Wearable devices identify psychological effects of COVID-19
Healthcare workers with high resilience or strong emotional support were protected against the effects of stress related to the novel coronavirus (COVID-19) pandemic compared to those who had low emotional support or resilience, according to a new study published in the Journal of Medical Internet Research. The study also found that the number of individuals with COVID-19 in the community was a significant factor associated with stress in healthcare workers over time.
For the study, researchers from Mount Sinai Hospital found that high emotional support or high resilience—the ability to overcome difficulty and a reduced vulnerability to environmental stressors—resulted in a unique nervous system profile, demonstrating that these features impact both how health care workers perceive stress and how their bodies are physically affected by stress.
Several hundred study participants wore an Apple Watch that measured their heart rate variability and downloaded a customized app to complete weekly surveys measuring perceived stress, resilience, emotional support, quality of life, and optimism. Researchers found that healthcare workers with high resilience or high emotional support had different autonomic nervous system stress patterns compared with those who had medium or low emotional support or resilience. The autonomic nervous system is a primary component of the stress response and can be found by measuring heart rate variability. The participants’ physiological results aligned with their self-reported answers, the study concluded.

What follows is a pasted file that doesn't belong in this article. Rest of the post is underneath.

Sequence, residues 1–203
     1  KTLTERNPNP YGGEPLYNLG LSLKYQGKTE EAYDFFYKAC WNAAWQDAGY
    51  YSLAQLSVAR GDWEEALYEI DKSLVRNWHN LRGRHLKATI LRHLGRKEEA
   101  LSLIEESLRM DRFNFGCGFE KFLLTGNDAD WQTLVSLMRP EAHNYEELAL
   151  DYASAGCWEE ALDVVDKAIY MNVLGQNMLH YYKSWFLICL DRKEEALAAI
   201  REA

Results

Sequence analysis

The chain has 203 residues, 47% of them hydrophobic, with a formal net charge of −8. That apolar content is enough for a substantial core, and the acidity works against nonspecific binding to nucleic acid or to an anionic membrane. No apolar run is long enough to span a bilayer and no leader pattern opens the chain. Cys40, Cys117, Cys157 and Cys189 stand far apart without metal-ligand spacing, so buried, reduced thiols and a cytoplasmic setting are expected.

The latest findings from the Warrior Watch Study build on previous research that used wearable devices to identify COVID-19 cases earlier than traditional diagnostic methods. Researchers monitored the participant’s physical activity and tracked subtle changes in their heart rate variability measured by an Apple Watch, which signaled the onset of COVID-19 up to seven days before the individual was diagnosed with the infection via nasal swab.
“Our study highlights the importance of emotional support and resilience in moderating the effects of stress on healthcare workers during the ongoing pandemic,” said Robert Hirten, MD, corresponding author and assistant professor of medicine at the Icahn School of Medicine at Mount Sinai, in a statement. “Assessing the resilience and emotional support of healthcare workers may be able to help identify those at risk from ongoing stressors and may help guide healthcare institutions in allocating mental health resources for these at-risk employees.”